Hillary Clinton's opposition, during last night's debate, to raising the Social Security payroll tax cap was taken to task by Iowa Independent's Doug Burns as being a pander to people in the wrong state. Clinton said of the proposed tax increase on those who earn over $97,500:
It is absolutely the case that there are people who would find that burdensome. I represent firefighters. I represent school supervisors. I'm not talking -- and, you know, it's different parts of the country. So you have to look at this across the board and the numbers are staggering.
To which Burns replied:
Is $97,000 a lot of money? In most of Obama's Illinois and just about all of Iowa, the answer to that is "yes," which makes Obama's position on the question of whether to raise or lift the cap on Social Security taxes more reasonable to Hawkeye State voters than the New York shape-shifting of Clinton.
As it stands, the first $97,500 of a person's annual income is subject to the Social Security tax. Obama supports lifting that to shore up the future of the system while Clinton went with the nostalgia card, suggesting that she could resurrect the macroeconomic picture that prevailed under her husband and cause the Social Security problem to disappear without hard choices. She suggested that popping the cap would hurt middle-class Americans and argued that in some parts of the nation (namely high-priced New York City which she represents) $97,500 isn't a lot of money. It would be interesting to hear her make that argument in Audubon County, Iowa, where the average home is worth half that much: $49,000.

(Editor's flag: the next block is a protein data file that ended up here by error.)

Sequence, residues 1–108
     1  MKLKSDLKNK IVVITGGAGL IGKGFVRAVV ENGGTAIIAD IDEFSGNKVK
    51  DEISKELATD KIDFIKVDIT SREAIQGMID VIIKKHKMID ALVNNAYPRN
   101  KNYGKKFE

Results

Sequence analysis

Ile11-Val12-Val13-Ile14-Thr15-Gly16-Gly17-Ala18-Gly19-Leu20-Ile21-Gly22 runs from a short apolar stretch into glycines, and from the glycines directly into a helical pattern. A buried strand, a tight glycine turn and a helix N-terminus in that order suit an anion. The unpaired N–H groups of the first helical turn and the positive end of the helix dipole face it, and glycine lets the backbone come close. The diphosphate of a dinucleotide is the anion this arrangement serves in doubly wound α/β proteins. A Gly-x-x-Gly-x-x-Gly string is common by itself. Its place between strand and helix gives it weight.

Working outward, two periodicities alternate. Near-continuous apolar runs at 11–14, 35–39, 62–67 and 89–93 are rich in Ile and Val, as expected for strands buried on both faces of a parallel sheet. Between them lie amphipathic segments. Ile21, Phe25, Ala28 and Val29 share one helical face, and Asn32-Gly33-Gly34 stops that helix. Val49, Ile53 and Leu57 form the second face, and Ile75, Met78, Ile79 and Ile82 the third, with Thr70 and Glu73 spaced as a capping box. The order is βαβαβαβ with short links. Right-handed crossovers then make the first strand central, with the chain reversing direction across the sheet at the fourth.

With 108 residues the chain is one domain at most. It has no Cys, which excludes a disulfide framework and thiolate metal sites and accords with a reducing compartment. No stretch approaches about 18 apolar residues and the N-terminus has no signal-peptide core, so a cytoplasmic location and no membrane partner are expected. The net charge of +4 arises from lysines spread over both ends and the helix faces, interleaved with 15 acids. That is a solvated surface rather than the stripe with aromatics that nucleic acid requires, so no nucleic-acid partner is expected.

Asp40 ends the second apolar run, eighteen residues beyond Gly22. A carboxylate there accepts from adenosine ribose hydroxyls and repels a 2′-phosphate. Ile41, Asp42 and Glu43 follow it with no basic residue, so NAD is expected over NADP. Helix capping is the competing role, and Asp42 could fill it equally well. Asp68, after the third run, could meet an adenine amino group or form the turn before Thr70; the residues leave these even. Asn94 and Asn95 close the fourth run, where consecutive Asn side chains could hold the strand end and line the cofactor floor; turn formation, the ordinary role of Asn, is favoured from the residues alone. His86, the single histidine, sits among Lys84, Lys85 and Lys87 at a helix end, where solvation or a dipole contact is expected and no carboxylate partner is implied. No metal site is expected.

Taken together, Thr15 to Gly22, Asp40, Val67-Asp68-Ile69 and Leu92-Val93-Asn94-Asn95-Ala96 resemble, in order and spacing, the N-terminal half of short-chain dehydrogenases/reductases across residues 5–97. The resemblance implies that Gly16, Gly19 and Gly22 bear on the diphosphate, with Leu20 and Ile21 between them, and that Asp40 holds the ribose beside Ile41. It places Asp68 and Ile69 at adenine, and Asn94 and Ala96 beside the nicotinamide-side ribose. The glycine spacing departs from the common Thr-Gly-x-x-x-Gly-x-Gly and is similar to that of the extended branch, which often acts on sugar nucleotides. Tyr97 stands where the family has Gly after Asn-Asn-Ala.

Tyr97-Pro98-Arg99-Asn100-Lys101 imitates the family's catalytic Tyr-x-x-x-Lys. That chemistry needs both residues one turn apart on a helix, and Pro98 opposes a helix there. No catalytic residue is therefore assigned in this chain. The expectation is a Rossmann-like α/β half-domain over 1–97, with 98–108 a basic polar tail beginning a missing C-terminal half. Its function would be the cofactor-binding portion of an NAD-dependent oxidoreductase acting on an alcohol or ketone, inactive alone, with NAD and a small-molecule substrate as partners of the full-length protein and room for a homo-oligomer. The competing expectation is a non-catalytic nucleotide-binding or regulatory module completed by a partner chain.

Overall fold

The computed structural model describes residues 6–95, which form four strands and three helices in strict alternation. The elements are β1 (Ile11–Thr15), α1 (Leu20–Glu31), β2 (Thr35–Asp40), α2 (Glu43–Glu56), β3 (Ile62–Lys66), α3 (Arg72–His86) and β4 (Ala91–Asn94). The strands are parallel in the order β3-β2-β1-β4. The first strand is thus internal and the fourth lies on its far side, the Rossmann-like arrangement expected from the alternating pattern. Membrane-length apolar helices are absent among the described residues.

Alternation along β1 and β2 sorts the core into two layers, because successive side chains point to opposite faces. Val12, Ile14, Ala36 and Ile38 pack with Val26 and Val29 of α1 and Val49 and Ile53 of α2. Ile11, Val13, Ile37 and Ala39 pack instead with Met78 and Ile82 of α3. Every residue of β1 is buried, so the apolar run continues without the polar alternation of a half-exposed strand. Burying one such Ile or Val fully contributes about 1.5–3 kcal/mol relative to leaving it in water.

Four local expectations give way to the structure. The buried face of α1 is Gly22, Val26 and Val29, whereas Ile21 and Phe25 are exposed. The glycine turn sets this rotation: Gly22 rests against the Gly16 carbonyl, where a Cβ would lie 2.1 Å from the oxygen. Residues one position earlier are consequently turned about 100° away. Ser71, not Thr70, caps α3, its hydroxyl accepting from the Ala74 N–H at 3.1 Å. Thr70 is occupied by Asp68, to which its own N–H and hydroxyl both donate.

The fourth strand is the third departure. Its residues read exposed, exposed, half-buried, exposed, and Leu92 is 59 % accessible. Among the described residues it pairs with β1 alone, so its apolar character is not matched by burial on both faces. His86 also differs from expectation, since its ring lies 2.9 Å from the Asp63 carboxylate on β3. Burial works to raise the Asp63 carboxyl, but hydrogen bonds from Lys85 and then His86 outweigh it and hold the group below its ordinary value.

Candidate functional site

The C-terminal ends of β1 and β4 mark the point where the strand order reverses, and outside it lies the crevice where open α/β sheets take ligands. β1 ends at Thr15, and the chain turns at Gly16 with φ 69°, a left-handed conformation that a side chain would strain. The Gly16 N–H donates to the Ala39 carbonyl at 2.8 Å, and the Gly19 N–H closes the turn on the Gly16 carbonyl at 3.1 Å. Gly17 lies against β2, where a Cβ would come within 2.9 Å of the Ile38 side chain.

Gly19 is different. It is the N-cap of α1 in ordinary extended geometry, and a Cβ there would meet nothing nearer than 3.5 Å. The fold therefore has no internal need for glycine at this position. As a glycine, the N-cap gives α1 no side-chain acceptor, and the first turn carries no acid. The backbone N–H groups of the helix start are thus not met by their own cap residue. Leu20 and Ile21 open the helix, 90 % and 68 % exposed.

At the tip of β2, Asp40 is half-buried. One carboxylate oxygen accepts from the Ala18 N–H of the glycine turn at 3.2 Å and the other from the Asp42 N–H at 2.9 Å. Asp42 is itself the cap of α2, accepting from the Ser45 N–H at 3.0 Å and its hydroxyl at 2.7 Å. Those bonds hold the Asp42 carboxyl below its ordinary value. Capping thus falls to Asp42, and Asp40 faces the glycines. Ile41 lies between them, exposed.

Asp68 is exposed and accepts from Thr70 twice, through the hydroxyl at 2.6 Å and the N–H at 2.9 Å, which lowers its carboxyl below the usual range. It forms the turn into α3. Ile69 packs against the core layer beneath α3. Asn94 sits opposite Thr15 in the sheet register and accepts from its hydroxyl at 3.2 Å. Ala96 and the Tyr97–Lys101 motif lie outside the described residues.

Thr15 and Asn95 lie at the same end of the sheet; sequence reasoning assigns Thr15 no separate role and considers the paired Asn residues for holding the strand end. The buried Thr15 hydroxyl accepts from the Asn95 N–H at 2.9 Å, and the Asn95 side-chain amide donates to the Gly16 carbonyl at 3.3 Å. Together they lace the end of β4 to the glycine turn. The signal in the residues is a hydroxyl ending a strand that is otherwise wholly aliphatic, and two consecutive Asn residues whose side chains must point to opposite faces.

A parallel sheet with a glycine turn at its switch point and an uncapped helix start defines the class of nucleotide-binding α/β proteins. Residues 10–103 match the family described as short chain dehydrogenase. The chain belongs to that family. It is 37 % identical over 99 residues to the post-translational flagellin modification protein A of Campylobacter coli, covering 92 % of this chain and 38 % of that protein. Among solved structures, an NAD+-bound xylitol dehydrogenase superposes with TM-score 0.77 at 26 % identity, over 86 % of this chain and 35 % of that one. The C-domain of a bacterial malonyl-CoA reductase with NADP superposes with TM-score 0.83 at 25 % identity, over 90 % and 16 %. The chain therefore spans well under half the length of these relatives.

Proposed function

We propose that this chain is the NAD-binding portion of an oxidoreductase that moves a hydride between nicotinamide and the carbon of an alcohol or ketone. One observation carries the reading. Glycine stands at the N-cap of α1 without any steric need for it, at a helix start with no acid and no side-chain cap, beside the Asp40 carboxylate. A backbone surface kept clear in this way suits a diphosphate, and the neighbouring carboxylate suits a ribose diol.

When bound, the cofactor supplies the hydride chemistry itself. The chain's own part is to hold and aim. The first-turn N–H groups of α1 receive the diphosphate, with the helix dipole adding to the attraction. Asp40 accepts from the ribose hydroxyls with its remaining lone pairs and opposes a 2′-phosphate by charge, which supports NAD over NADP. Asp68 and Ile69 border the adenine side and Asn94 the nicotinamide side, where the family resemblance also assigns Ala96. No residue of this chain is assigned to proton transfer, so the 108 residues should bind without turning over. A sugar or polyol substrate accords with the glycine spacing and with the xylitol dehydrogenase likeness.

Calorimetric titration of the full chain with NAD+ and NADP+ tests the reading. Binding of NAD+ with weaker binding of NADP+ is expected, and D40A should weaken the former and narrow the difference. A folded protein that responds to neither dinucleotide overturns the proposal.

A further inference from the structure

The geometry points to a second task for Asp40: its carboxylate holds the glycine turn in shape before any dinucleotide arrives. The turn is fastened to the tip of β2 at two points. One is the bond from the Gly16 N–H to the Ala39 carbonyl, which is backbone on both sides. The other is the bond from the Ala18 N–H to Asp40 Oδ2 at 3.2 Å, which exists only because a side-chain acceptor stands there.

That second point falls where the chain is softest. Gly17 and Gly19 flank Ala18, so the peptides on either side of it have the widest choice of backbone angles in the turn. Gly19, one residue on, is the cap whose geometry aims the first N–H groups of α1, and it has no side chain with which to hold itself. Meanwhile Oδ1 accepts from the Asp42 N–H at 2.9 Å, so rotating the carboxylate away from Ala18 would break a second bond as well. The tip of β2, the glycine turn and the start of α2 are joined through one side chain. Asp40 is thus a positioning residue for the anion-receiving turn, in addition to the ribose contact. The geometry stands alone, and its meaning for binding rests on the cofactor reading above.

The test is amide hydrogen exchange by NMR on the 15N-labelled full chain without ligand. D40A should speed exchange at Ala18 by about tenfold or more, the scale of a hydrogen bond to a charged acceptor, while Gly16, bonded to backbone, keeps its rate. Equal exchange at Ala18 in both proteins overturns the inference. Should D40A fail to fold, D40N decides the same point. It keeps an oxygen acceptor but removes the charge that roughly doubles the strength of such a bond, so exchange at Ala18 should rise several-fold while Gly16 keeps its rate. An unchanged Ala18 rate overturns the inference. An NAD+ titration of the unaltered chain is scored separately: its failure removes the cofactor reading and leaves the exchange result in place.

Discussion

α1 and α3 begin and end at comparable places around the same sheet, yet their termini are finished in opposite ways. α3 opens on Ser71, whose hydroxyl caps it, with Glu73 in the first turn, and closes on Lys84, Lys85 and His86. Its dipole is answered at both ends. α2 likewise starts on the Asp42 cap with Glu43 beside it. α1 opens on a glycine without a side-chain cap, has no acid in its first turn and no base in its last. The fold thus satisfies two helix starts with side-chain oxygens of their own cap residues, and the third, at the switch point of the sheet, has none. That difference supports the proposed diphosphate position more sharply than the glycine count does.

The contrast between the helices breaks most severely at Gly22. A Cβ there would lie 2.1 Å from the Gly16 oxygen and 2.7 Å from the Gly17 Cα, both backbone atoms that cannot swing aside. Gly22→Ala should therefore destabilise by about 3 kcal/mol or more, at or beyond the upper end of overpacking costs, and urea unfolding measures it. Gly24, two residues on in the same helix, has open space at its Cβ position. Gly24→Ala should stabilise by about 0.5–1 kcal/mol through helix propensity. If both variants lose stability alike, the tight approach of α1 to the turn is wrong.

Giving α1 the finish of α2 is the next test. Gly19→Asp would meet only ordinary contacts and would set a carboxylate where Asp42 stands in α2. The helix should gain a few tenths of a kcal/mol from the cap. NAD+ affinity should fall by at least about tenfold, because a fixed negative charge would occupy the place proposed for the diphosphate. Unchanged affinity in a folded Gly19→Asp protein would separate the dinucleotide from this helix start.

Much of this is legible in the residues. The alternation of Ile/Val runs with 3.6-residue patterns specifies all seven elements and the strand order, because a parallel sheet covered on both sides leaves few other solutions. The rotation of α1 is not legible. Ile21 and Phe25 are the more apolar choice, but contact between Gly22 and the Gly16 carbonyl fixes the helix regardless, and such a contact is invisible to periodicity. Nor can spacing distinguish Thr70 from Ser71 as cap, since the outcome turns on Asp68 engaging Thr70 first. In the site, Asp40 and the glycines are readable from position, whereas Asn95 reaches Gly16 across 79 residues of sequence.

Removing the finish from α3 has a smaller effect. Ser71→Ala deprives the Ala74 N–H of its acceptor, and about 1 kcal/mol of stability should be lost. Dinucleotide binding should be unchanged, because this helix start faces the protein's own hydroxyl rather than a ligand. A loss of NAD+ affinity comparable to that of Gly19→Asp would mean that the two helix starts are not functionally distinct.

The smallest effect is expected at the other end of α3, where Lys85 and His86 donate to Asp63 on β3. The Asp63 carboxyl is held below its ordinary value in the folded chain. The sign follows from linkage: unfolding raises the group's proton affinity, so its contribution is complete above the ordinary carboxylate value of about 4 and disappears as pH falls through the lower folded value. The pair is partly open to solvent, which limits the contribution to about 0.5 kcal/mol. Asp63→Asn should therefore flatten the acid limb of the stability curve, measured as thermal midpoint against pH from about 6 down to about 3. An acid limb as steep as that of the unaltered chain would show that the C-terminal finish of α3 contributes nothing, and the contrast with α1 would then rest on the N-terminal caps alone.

As it turns out, rookie firefighters in New York City aren't getting paid like the top 6 percent of earners. They start at close to a very Iowa-like $36,878, according to a March New York Times story on their battle to raise their salaries. But by five years on the job, their base salaries, with no overtime, are already up to $68,475. Outside the city, firefighter salaries are higher, according to a Manhattan Institute report, which found that, by 2007, "the average salary for police officers and firefighters outside New York City" was "$86,099, according to data from the state retirement system." The same report found that New York county police officers "averaged $121,608 (including overtime)," in 2006-2007. On the other coast, the starting salary for City of Los Angeles firefighters is $46,729, and Los Angeles County fire captains can earn $97,200, without overtime.
School administrators are better compensated. The New York State Education Department offers a long list of well-paid school administrators, from assistant principals in Levittown to the Supervisor Music/Art for Mineola, who is paid more than $100,000. Many school superintendents in New York state, according to this list, are paid upwards of $150,000, and some are even paid more than $200,000.
In short, Burns was right to note that Clinton's response on the Social Security question was not addressed to Iowans. It was addressed to the public sector unions that represent firefighters and teachers in the Feb. 5 states, who have fought for the higher salaries, and also, to the higher-ups in the fields of education and public safety who may be able to influence the political opinions of those in the institutions they command.